Influenza Pandemic 1918

Contributor: Sarah Lerdal. Lesson ID: 11031

Certain times of the year, health officials recommend flu shots. Is the flu really such a big deal? In 1918 it killed more people than WWI! Learn about pandemics and epidemics and create your own PSA!

categories

United States

subject
History
learning style
Visual
personality style
Lion
Grade Level
High School (9-12)
Lesson Type
Dig Deeper

Lesson Plan - Get It!

Audio:

What is an epidemic? How is an epidemic different from a pandemic? Do you think you could name epidemics and pandemics? Discuss your thoughts with your teacher.

According to webmd.com, an epidemic is the rapid spread of an infectious disease among a large, yet typically confined, population.

A pandemic, on the other hand, is a sudden global, or world-wide, spread of an infectious disease.

The famous Ebola outbreak is considered an epidemic because human sufferers are somewhat circumscribed to particular areas of West Africa, where the virus is common among indigenous fruit bats. AIDS is considered to be a pandemic because it is a virus that seems to have no geographical boundaries.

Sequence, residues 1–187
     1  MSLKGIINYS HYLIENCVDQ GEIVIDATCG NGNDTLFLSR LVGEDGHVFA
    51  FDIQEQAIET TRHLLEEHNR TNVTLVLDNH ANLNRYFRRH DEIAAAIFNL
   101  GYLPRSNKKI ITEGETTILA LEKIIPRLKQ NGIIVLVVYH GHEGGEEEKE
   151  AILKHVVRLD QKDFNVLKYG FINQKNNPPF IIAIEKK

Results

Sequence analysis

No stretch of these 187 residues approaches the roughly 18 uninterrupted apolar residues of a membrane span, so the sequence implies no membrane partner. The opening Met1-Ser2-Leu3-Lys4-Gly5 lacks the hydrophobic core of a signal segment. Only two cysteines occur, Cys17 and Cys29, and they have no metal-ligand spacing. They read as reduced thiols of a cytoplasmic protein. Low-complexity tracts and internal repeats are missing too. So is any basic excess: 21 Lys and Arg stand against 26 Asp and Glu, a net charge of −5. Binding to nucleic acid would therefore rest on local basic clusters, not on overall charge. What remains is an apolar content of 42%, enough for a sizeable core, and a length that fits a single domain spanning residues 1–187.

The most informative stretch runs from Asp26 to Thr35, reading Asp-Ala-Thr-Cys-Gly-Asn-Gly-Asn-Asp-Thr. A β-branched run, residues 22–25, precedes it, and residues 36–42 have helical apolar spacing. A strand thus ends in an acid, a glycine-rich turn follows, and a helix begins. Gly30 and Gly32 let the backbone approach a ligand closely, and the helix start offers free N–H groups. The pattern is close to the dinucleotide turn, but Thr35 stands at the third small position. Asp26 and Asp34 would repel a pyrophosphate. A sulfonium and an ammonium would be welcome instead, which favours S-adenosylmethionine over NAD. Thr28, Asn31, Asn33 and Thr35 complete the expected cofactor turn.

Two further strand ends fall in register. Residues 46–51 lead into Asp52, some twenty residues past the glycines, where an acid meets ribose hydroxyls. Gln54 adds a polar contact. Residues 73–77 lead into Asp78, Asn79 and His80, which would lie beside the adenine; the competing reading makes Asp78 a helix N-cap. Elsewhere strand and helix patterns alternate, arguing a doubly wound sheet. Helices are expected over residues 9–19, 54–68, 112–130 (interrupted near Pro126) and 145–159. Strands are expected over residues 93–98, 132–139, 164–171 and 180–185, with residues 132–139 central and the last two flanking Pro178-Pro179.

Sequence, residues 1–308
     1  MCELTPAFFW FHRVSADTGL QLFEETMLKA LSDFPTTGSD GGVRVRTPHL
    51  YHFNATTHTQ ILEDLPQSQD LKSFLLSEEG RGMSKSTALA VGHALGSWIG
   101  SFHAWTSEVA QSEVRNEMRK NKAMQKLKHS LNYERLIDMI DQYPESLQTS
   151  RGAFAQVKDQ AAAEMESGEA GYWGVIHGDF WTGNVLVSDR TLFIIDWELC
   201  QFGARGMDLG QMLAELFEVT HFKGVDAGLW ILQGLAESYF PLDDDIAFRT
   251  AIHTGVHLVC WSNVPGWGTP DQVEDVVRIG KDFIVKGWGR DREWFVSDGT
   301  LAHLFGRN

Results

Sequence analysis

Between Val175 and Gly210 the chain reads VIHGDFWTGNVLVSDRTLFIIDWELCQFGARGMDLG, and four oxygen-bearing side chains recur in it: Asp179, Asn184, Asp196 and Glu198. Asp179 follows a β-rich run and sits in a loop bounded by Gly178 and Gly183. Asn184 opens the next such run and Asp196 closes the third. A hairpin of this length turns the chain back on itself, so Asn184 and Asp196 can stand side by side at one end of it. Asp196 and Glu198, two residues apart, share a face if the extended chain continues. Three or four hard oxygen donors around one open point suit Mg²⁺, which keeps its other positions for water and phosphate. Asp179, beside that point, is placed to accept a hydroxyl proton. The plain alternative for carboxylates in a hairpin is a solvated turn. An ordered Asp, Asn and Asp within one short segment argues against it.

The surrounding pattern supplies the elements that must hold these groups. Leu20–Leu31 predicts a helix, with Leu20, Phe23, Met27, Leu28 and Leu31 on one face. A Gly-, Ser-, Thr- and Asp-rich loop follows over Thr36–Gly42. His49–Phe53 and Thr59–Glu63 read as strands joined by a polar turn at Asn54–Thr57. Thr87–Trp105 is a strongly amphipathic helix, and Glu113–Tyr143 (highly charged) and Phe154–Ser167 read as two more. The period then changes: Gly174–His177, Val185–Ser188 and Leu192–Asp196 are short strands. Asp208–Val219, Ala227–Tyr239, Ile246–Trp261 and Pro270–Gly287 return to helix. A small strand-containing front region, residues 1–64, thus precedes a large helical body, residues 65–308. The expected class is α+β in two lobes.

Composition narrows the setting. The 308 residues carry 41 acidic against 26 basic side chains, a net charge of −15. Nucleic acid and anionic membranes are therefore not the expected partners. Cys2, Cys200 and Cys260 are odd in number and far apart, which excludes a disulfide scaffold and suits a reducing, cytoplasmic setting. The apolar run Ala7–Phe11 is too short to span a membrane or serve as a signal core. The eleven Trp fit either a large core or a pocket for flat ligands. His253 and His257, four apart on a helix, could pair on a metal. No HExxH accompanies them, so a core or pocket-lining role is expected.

Do you know of any epidemics that broke out in the United States? What about pandemics? You probably have heard about the Yellow Fever epidemic that ravaged the nation's capital back in the late 1700s, but how much do you know about the pandemic that swept across the world about a century ago?

In 1918, just a year after WWI ended, the world faced yet another catastrophic event.

In the span of just one year, Influenza, more commonly known as the flu, claimed the lives of an estimated 45 million people throughout the world. More individuals succumbed to the illness than lost their lives fighting in WWI! This record-breaking flu remains one of the worst pandemics to date.

Take some time to learn about this deadly disease by investigating this profound resource, The Great Pandemic: The United States in 1918-1919 (Department of Health and Human Services).

Next, watch The Influenza Pandemic of 1918 (TeacherTube, below) and listen for the answers to the following questions:

  1. How did WWI contribute to the spread of influenza?
  2. Where does flu enter the body?

 

In the video, it was stated that little was known about how to cope with the disease. What do you think were some results of this uncertainty? Talk about your thoughts with your teacher.

Thankfully, as of this writing in 2016, we have not had a pandemic of these proportions since influenza. However, seasonal flu causes many deaths each year.

Continue on to the Got It? section to learn more about this illness.

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